January 29, 2012

Crazy tsukesage?

Tsukesage komon? Or a dance kimono? Whatever this is, I just had to have it! It just seemed too fabulous to pass up. So of course I bid on it (and won) despite the moratorium on new kimono for 2012! It hasn't arrived yet... maybe in about a week it will show up.
I love, love, love the funky pattern! It looks like a sky filled with confetti and ticker-tape with some majorly awesome Dr. Seuss-style trees and awning stripes thrown in for good measure. Definitely a party-worthy kimono. I'll try to figure out a way to wear it in the next few months and post some photos. Not sure what kind of obi to pair this one with...maybe I already have something that will work.

Speaking of wearing kimono, some Japanese and pan-Asian events are coming up very soon in my state: Phoenix Matsuri (February 25-26th) and the Taste of Asia Festival in Tucson. I think our festival is in April. When I know more, I will post times and dates.


January 16, 2012

Making your own koshihimo

I'm going to be teaching a very basic yukata kitsuke (dressing) workshop in a couple of weeks. I have eight yukata and about 12 hanhaba obi that I will be loaning people for the workshop. However, I only have eight koshihimo, not enough for everyone to have two.
For newbies, a koshihimo is an essential accessory in yukata and kimono kitsuke. It is the "string belt" that you use to fasten all of the the garments closed, including juban. They are not seen once the obi is tied. For yukata, woman require two and men's yukata need one in order to dress properly, not including the juban.

Since they can be pricey to buy a large quantity at once, I decided to make my own. I looked at my existing koshihimo and used them as a guide for a basic pattern. If you have a sewing machine, these are very easy to make and you can make several in an afternoon.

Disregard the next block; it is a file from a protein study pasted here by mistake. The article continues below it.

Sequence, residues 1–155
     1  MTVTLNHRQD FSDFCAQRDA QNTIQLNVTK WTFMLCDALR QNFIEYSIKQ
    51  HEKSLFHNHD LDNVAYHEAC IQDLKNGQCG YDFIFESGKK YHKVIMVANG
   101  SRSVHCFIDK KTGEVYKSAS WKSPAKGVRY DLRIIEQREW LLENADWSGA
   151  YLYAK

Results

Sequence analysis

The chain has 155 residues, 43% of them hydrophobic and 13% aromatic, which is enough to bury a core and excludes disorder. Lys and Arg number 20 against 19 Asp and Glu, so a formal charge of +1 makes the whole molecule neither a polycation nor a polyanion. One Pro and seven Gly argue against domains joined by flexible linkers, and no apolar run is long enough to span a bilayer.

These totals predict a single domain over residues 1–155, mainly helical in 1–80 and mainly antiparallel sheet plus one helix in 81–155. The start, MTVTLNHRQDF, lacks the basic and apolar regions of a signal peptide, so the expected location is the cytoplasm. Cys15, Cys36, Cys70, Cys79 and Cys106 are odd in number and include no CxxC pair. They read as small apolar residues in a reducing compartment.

I bought three yards of unbleached, permanent-press cotton muslin, 45" wide at about $3.89 a yard. Muslin is inexpensive and has a slight texture to it and is easily washable. It doesn't have to be permanent press, but I though it would save some ironing time after washing. You can also easily dye muslin if you are feeling extra industrious. If you make them out of satin or other slick material, they won't grip very well, so I recommend a very lightweight fabric with a bit of texture.

Here is what I did: I cut each strip 3.75" wide and made most of them 84" inches long (The length of most of my koshihimo from Japan) and three of them 108" or three yards long. These will be used for larger people. I ended up with twelve total and they turned out well.

Mark the fabric with a pencil, cut, then tear
If you are a beginning sewer, here are the steps to make them and a few photos.
  • Mark fabric with a pencil in 3-3/4" intervals; marks should be parallel to the selvedges or finished edges of fabric length. Start cutting in a few inches and tear the rest. The strip will tear perfectly straight if you use muslin.
  • Sew a 5/8' seam
  • Fold over your strips and sew a straight seam 5/8" inch (average seam allowance) from the edge. No need to pin the strips so they stay closed. You now have a tube open on both ends. (Or sew one end closed on the machine. Either way will work). 
  • Turn your tubes inside-out. There are several ways to do this and no need to buy special tools; I just use a big safety pin. Here is how-to video.
  • Iron them flat.
  • Hand stitch the end closed, folding in about 1/4" of the fabric so you don't have those unraveling treads constantly coming out. Muslin unravels like crazy!
  • Finished seam
  • Voila: ready to use!
Finished koshihimo

January 8, 2012

For kimono newbies or cosplay: Odori Kimono